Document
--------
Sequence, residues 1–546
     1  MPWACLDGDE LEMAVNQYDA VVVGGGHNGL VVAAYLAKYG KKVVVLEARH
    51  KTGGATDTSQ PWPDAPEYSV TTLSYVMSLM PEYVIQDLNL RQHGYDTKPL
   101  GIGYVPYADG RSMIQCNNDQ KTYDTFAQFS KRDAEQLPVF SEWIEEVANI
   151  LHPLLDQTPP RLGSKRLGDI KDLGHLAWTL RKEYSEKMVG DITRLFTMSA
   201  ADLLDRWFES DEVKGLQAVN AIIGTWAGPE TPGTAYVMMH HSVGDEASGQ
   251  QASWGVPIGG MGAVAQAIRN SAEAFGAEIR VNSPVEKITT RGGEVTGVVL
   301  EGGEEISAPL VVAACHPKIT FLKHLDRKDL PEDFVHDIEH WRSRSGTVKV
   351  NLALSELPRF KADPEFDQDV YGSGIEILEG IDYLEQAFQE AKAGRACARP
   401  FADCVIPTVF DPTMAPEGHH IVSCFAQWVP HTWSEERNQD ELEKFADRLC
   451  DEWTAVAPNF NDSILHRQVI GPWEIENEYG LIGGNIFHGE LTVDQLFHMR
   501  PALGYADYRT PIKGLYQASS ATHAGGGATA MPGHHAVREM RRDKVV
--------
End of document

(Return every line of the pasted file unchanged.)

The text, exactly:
Sequence, residues 1–546
     1  MPWACLDGDE LEMAVNQYDA VVVGGGHNGL VVAAYLAKYG KKVVVLEARH
    51  KTGGATDTSQ PWPDAPEYSV TTLSYVMSLM PEYVIQDLNL RQHGYDTKPL
   101  GIGYVPYADG RSMIQCNNDQ KTYDTFAQFS KRDAEQLPVF SEWIEEVANI
   151  LHPLLDQTPP RLGSKRLGDI KDLGHLAWTL RKEYSEKMVG DITRLFTMSA
   201  ADLLDRWFES DEVKGLQAVN AIIGTWAGPE TPGTAYVMMH HSVGDEASGQ
   251  QASWGVPIGG MGAVAQAIRN SAEAFGAEIR VNSPVEKITT RGGEVTGVVL
   301  EGGEEISAPL VVAACHPKIT FLKHLDRKDL PEDFVHDIEH WRSRSGTVKV
   351  NLALSELPRF KADPEFDQDV YGSGIEILEG IDYLEQAFQE AKAGRACARP
   401  FADCVIPTVF DPTMAPEGHH IVSCFAQWVP HTWSEERNQD ELEKFADRLC
   451  DEWTAVAPNF NDSILHRQVI GPWEIENEYG LIGGNIFHGE LTVDQLFHMR
   501  PALGYADYRT PIKGLYQASS ATHAGGGATA MPGHHAVREM RRDKVV